The author and Conor Deasy in Cork.
Listen to their conversation on the IMT podcast ‘Irish Medical Lives’ – Search “Irish Medical Lives – Prof. Conor Deasy”

The interviewer asked the politician if he thought the shooter should have been able to purchase two assault rifles days after his 18th birthday and – hesitating slightly – he suggested ‘perhaps not’ if he’d a ‘criminal’ or ‘mental health’ history. The problem was, the broadcaster pointed out, it was widely known that the mass murderer was ‘deeply troubled’ and ‘violent’, but he had no criminal record or formal psychological diagnosis.

Yet even this conundrum was nothing compared with that introduced by Ken Paxton, Texas Attorney General, who reportedly ‘dismissed the notion of enacting restrictions on firearms – reasoning that shooters wouldn’t follow the law anyway’ – and said; “I’d much rather have law-abiding citizens armed and trained so that they can respond when something like this happens, because it’s not going to be the last time”.

So, once again, an American politician argues that the cure for guns is, er, guns. And teachers must become part-time soldiers in a scholastic Wild West.

What connects all of these scenarios is a disregard for the healthcare workers who’ve pleaded for years for more beds to allow them to offer the care their patients need, who’ve begged to leave the grossly inadequate buildings in which they struggle to provide basic maternal care, or who’ve argued that, while children in the USA are now more likely to die from gunshots than any other cause, and are twenty times more likely to die after being shot than their peers in Europe, Australia and Japan. Proper gun control would reduce this frightening toll.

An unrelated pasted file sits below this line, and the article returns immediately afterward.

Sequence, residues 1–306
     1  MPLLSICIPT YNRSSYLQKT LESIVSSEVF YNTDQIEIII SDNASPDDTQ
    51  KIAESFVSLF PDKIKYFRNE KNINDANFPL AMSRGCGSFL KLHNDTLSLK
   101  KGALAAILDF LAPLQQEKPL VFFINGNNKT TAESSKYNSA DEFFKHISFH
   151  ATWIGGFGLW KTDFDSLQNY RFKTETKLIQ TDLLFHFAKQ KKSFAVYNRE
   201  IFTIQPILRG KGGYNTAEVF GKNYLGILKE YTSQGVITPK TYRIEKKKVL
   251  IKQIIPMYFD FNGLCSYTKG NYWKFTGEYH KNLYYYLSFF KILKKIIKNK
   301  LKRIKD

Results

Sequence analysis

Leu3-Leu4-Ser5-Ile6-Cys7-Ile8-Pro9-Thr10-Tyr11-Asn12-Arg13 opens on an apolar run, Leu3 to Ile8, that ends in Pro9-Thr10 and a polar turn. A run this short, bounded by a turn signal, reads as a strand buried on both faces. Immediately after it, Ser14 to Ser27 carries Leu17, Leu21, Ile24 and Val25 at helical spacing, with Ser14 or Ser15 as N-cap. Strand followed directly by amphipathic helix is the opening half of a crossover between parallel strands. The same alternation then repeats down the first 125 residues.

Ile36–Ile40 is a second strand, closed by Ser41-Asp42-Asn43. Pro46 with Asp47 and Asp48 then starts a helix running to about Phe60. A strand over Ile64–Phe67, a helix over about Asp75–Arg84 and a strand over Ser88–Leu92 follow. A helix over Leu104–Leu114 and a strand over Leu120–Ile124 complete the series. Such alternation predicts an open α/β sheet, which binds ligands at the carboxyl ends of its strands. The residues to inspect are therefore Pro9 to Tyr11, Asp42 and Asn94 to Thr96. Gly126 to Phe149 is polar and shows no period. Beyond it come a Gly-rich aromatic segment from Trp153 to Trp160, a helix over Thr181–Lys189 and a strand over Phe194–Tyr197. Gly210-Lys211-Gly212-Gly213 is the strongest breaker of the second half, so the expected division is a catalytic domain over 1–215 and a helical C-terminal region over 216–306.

In short, deranged people with guns have massacred people in England, Scotland and Australia in recent decades, but the subsequent restrictions in access to weapons have massively limited their use in these countries since.

And, famously, the Japanese have almost eradicated gun crime (in 2014, there were six gun deaths there, compared with 33,599 in the USA). Why? Well for a start, to get a gun in Japan you have to attend a day-long class, take a written exam, and pass a shooting-range test with a mark of at least 95 per cent. And then come the checks for extremism, drug use or crime.
Here, then, is another really simple idea.

The millions of dollars ‘donated’ to American politicians who lobby for the National Rifle Association are regularly publicised in the US media. And many years ago, the American activist, Upton Sinclair, said: “It is difficult to get a man to understand something when his salary depends on his not understanding it”.

So, for the 21st century, I’d replace ‘man’ with ‘politician’ and add ‘status’ to ‘salary’.
That sort of explains public health challenges, everywhere, doesn’t it, Wally?